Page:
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Thought Leader Interview: Brian O’Gorman

Q&A with Brian O'Gorman

Brexit is still dominating the headlines so it’s apt that our latest Thought Leader interview is with Brian O’Gorman, managing partner at Dublin-based law firm Arthur Cox. Brian shares his views on how Brexit will impact the legal sector and his firm and talks passionately about the need for firms to address equality and diversity.

On style of management and advice for aspiring leaders

It is very difficult for me to assess my management style; that’s really for others, not for me. 

How I manage people

I have always tried to be fair and to put the best interests of the firm first in every decision I have made.  I have tried to make the firm a better place for everybody and to engineer change – in particular in diversity and inclusion.  We are a very ambitious firm, a very driven firm, but I think we manage to retain our humanity, our sense of humour and our perspective.

The Arthur Cox brand

We have been the leading firm in terms of Irish plc relationships for many decades now.  The real change we have seen over the past ten to twenty years is the growth in the strength of our brand internationally, and in particular in the US and across Europe.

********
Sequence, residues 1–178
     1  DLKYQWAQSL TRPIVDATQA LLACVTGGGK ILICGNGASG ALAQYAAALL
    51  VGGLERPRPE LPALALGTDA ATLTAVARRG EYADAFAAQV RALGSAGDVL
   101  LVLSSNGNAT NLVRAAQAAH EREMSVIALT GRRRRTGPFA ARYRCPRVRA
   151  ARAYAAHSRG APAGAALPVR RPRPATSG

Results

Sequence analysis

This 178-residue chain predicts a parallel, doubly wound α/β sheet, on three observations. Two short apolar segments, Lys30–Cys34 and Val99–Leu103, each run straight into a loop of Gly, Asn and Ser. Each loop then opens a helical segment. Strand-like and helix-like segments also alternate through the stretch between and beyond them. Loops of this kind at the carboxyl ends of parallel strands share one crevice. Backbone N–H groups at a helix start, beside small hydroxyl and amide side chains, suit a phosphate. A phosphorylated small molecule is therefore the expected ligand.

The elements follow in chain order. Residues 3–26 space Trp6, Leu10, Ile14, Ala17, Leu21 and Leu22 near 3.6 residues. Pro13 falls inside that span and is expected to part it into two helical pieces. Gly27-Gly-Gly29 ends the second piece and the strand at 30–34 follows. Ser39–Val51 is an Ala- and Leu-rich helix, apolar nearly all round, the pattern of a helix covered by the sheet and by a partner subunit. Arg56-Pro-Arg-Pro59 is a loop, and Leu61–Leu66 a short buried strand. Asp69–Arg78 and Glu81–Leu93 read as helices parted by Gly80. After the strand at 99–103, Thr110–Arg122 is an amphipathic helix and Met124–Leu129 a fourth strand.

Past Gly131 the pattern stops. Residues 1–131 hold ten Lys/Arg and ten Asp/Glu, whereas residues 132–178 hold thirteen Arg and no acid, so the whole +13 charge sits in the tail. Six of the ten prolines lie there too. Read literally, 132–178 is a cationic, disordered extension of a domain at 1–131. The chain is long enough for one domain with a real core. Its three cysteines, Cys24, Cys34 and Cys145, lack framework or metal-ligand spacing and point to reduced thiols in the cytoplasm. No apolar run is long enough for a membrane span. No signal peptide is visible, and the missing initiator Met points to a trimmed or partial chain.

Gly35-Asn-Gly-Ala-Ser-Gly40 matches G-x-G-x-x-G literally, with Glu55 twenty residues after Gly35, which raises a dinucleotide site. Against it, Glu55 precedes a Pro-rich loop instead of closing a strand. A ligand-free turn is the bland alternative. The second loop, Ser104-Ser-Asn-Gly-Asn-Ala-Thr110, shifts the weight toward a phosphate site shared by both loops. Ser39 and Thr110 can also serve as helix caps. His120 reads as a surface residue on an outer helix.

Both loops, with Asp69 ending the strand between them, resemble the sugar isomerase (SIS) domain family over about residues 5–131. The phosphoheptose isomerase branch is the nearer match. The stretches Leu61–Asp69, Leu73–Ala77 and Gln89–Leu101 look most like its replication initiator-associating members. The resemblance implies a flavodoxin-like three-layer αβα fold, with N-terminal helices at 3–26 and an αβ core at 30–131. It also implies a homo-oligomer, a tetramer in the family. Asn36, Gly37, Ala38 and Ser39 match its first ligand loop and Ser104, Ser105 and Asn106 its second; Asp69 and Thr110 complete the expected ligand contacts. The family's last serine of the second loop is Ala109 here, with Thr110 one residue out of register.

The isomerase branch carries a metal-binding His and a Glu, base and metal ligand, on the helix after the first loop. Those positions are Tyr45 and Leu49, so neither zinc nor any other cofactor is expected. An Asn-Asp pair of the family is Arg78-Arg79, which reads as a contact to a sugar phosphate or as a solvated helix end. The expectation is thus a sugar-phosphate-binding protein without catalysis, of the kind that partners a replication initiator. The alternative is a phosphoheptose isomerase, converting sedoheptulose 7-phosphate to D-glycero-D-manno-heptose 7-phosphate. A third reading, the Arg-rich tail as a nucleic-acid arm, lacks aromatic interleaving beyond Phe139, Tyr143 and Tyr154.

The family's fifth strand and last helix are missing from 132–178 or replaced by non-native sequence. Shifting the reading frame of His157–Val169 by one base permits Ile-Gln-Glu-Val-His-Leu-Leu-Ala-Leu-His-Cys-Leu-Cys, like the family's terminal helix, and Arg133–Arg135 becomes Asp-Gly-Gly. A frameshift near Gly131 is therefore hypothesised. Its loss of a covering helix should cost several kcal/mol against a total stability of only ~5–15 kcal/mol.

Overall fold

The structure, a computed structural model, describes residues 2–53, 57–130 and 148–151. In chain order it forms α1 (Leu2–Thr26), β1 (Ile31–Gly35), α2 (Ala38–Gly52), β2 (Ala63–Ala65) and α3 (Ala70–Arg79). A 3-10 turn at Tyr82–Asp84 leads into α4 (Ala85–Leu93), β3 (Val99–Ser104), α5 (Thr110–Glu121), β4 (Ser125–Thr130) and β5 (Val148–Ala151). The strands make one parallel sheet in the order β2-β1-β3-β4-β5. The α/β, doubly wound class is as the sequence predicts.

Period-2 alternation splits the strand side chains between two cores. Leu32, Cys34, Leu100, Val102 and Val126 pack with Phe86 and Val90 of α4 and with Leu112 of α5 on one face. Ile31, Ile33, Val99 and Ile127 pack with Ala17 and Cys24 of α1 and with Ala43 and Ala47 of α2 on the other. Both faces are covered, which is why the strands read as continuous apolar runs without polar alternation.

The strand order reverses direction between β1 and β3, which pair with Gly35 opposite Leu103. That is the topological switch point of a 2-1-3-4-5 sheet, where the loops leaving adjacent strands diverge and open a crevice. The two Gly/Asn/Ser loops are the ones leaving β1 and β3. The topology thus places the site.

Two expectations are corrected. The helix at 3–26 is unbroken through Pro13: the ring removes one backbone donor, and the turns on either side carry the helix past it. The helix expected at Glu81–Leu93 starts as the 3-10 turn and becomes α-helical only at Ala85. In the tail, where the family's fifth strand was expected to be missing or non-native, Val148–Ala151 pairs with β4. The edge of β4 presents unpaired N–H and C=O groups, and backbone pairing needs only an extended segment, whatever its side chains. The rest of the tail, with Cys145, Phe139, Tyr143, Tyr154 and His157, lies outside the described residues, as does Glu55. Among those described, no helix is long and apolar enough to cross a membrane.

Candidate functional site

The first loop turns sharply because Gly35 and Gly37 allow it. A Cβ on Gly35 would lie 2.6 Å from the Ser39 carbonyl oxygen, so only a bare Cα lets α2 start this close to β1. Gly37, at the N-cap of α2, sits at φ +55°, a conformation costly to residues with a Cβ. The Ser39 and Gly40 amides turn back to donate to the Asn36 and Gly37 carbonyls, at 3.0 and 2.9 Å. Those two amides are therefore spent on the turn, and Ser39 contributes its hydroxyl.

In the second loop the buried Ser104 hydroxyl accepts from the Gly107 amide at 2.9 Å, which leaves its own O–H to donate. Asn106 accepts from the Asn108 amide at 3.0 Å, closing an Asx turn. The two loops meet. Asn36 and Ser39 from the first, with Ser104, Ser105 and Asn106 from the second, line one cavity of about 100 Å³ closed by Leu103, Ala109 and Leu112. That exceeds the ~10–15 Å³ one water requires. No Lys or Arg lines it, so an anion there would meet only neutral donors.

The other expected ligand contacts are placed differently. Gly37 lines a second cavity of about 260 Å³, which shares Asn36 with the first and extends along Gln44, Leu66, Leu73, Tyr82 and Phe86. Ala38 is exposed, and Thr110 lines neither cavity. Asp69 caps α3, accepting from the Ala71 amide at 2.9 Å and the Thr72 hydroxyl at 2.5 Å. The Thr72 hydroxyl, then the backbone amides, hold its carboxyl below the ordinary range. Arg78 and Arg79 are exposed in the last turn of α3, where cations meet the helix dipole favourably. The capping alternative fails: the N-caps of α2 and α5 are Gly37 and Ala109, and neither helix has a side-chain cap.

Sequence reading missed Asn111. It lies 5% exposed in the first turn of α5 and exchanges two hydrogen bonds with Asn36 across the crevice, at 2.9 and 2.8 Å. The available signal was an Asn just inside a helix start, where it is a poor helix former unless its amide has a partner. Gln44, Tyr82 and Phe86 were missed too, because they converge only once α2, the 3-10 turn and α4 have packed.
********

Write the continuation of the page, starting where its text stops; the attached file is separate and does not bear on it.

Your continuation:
How have we gone about building our brand and reputation?  Gimmicks don’t work, as the audience is very sophisticated and very demanding. 

We try to simplify things.  If you can build the best firm, the strongest partnership, the firm with the most depth and expertise, the major clients and mandates will follow, as will working with other leading law firms around the world. Through that brand and reputation is built.

Me and the law

I chose law because I thought it made for a good degree. Neither of my parents were lawyers and I hadn’t really considered it a calling as such. But I was attracted by a career that offered challenging, interesting work. I studied at Trinity College Dublin from 1986 to 1990 and decided to move abroad – at least for a while.  Ireland wasn’t in a great place back then, either economically or more generally.  A stint abroad seemed like a good idea.

I got a training contract at Slaughter and May in London. It was an incredible time.  After moving around different groups at the firm as a trainee, I wanted to focus on corporate law.  It was the era when M&A was very much in vogue.  Michael Lewis had just published “Liar’s Poker”, and everybody seemed to want to be an investment banker or M&A lawyer. 

The idea of doing international deals with major clients across the world was very appealing to me.  The partners in the group included many leading M&A lawyers, such as Tim Clark (former senior partner), Michael Pescod and Steve Cooke (current senior partner).

Seeing Slaughter and May

Slaughters back then had this reputation for being stuffy, old-fashioned and made up of Oxbridge trainees, but that wasn’t my experience.

It was very diverse, open-minded and fun – and it was a meritocracy first and foremost.  Everyone was charming, warm and inclusive. The idea of it being any other way always seemed a misconception to me.  During my time there, I also did six months work experience in Hong Kong which is where I met my wife, a fellow Slaughters trainee. I have many reasons to be thankful to the firm.